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Over the last year or two, there has been a lot of talk on media channels on interest rates and what they mean for the markets.

And sometimes it is not clear why this should be so.

After all interest rates define the return you get on fixed deposit, bonds and other fixed income instruments. As interest rates go up the returns on these instruments also increase. Of course the price of a bond yielding a fixed coupon will go down as the interest rates in that economy or currency go up. This much appears straightforward.

For example, suppose a government bond pays 4% per annum. That means it pays an annual coupon of Rupees 4 on a face value of Rs 100. For ease of calculation, we are assuming for simplicity sake that this is a perpetual bond that will just keep paying interest.

Now if interest rates go up from 4% to 6% the bond price will need to come down buy one third, from Rs.100 to Rs.66.6, because 4/66.6 = 6%.

This much is intuitively clear to anyone with a school level knowledge of arithmetic.

What is not so intuitively clear is why should this impact shares or equity markets.

Let me try to simplify it a bit. I will be doing a separate blog series on what determinants of the P/E ratio ie the Price-Earnings ratio but at the simplest level it is calculated as the Earnings per share divided by the Stock Price. Which is also the same as Net Income divided by Market Capitalisation.

Let's look at what it really means. 

Now let's play around. What if we invert the P/E where the numerator becomes the denominator and the denominator becomes the numerator.

What does P/E inverted become? It becomes E/P, which is known as earnings yield.

E means earnings or profits, divided by price.

It is trying to capture what you're earning or the rate of return in a crude sense when you invest in the equity markets.

Think of it this way: if you are running a small business where you invest 5 lakh rupees and earn a profit of 75,000 rupees in a year your e by p or earnings yield becomes 75,000 divided by 5 lakhs which is 15%. 

But you could have invested in some debt also and earned, maybe 10%. The higher risk you are taking by starting a business is being compensated by the higher yield which is 15% instead of 10% on debt.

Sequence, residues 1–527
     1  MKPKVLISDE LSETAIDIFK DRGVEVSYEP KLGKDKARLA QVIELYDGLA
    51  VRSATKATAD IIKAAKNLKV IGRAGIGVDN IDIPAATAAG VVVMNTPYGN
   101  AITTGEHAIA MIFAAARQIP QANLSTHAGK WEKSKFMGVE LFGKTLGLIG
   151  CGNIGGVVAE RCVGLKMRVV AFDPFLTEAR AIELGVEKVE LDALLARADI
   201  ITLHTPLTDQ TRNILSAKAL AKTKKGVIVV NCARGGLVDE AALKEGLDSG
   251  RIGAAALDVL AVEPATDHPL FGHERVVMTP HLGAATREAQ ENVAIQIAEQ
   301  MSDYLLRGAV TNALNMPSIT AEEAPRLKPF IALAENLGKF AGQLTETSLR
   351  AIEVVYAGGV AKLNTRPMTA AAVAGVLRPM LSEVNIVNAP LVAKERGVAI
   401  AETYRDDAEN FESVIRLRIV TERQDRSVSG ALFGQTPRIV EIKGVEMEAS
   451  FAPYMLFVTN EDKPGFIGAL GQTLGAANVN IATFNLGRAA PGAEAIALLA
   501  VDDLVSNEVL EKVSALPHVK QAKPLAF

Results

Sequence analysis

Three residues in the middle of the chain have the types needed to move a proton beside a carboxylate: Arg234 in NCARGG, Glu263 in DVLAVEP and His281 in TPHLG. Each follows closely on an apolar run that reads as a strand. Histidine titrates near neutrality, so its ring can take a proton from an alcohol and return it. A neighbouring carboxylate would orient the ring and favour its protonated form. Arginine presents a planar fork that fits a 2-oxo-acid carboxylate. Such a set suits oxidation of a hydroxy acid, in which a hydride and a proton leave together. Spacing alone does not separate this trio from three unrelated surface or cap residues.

Therefore the acceptable, or expected, return from an equity investment in a business is some percentage over and above the return you can make from lower risk debt, so interest rates are implicit in the calculation of what is an acceptable or desirable PE.

Hence, as interest rates go up, you want to earn more from equity. Plus you want to earn more than what you would get from a fixed deposit if you come to the equity markets.

So if the interest rate on bonds or fixed deposits goes up to 15% you will want to earn more from equity, otherwise you would not want to take the higher risk.

That is why when the interest rates go up, the acceptable or expected returns from equity also goes up.

In equity markets this mean that the E/P that you want, goes up which means the P/E goes down.

Therefore as interest rates go up, the market P/E goes down.

But this effect is not the same for every company.

The reason for that is, if you look at it another way, earnings accounting profits are only an approximation. Ultimately the value of the company is the discounted value of all future cash flows of the company.

When interest rates are low the future cash flows don't lose much value in being discounted back to today.

For example, around 2020 interest rates in most Western Nations were around zero - some were even negative.

When interest rates are Zero, then you don't care whether you earn 100 Dollars today or 100 Dollars five years later. Because that five years out 100 Dollars has the same value.

However, if interest rates go up, that five years out 100 Dollars cash or profit is no longer as valuable.

Hence, when interest rates goes up what happens is...that the effects is more on on so-called Growth Companies -which means compamies which have very low profits  or cashflows today but they have a lot of promise, that they will make much more profits or cashflows in the future.

Think of so called new age companies like Uber and Doordash or Peleton in the US or companies like Zomato, Paytm and Policybazaar in India, which were not profitable when they came out with their IPOs, but are supposed to become profitable in the future - maybe 5 or 10 years later.
In this cases all that you are buying is the promise of future cash flows as no cash flows existed as of the public issue date.

Now, if in the inteim, interest rates go up, those years out of profits and cashflows are valued less and less.

And therefore, as  interest rates go up the value of these companies falls much more than companies which have profits and cashflows today itself.

That is why it is said that value does better than growth when interest rates go up. Because value is supposed to capture companies which have more profits, book value and cash flows today as compared to those who have only the promise of these in the future.

That, my friends, is the story in short of interest rates and equity markets.

From the desk of
Devina Mehra 
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